A Gold Filing

A precious friendship reappears

Catherine Mulligan remembered

There are things—for lack of a better description–precious things, which now are elevated to the status of mementos; things which remained with me, a riddle the universe holds tight.  Despite the hare-pin turns, the jagged mountain clevises, or the oceans traversed,  this is a welcome conundrum. It is as if I were shaken upside down by my feet, finding the effects of what falls out of my pockets to be the truest of treasures. Those are the reminders that kindness and grace will always exist. 

 I have had two major relocations within four years. Due to factors in these moves–saved for another revelation– there have been some traumatic losses– upping my appreciation for what didn’t go by the wayside to return to the decay of the earth. For this, I am heartened and delighted by inadvertent discoveries of unexpected treasures: my first vinyl album (Eddie Cochran), beautifully crafted letters  from a foreign land –filled with drawings within all available space; handmade and personalized figurative cutouts as Christmas ornaments, a full set of primary teeth from all three of my kids; a letter of apology from my father acknowledging his shortcoming  due to alcoholism, the journal I kept chronicling my first love and a faux pearl necklace that  I attached amulets from the Athens Bazaar. This naming is not inclusive; however, it was inspired today by the whims of my annual  nod to seasonal spectacle.  This year, I celebrate and remember my dear friend, mentor and about the best example of who I’d like to be when I grow up, Catherine Mulligan.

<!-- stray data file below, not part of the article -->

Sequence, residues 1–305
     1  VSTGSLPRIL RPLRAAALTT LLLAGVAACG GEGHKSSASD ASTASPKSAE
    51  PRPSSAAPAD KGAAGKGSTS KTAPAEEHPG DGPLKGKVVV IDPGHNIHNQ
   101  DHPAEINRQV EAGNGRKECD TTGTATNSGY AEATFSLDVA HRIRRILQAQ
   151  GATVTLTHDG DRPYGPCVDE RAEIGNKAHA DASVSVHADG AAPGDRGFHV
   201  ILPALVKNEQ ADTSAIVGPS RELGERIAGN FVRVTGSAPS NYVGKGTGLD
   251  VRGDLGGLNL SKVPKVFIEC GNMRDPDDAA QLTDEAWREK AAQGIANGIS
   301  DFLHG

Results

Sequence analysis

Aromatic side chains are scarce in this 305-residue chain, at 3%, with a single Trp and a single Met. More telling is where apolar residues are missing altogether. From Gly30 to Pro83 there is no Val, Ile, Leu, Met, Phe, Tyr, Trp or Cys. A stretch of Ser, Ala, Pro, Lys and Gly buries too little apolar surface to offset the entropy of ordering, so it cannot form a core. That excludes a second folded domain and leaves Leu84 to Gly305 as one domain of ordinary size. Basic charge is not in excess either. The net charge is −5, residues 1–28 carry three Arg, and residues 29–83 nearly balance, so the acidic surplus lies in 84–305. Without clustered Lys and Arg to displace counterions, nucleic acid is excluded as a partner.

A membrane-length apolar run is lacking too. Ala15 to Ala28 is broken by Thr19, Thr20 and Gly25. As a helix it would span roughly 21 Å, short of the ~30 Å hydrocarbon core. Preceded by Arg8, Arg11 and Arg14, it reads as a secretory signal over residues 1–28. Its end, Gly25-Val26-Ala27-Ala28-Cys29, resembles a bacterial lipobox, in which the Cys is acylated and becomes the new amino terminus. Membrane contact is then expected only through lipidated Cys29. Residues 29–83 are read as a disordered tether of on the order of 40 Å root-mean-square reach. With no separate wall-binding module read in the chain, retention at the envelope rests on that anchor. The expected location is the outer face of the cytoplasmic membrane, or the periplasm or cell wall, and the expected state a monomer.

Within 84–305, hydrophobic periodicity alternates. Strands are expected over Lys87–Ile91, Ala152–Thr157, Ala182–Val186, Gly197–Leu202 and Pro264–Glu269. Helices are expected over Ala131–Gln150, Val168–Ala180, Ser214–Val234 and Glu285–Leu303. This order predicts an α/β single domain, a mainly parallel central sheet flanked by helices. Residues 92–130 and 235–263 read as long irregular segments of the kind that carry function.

Hand cut ornaments–some with writing, some with cut outs of my young daughters collaged on heads, buttons dangling– were faithfully received in the mail every December. These crossed many hundreds of miles and about the same in time, from  the city I left at age 23. Included in her annual missive was a note about her golden years: travels and adventures with her soul mate and husband, Patrick.  We had long since lost any real connection, in the way that close friends are able to close the distance. 

She was twice my age when we both attended Moorhead State University’s Art Department; and was a graduate student, who, probably designed a program to fit her wishes. Her infectious laugh and piecing gaze created an aura around her. It was nearly nightly, that an entourage of admirers would have the good fortune to join her family, a convivial host. Patrick was also the owner of the local “Liquor Store” and libations were graciously available: a harmonious atmosphere  filled with music, conversation, art talk. One felt fortunate to be in Catherine’s court. Montmartre it wasn’t, rather the earnest but modest ways of a mid-western version of the cultural elite; seemed just short of exciting.  

Catherine and Patrick’s daughter Arron– who was at an indeterminate age, between 8 and 20–mingled among the artistes. It was a novelty  to be  in the company of this delightful young lady. Conversations with her were anticipated with eagerness. She added a generational quality to what was top heavy. 

It has been a joy– lighting the multitude of candles today– reviving the stowed away remembrances of how life was enhanced by the friendship and role model I had in Catherine.  

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Like a Haiku

To be defined as an Artist, an entrepreneur, an educator, writer, curator, mother, would miss the life that created the whole.

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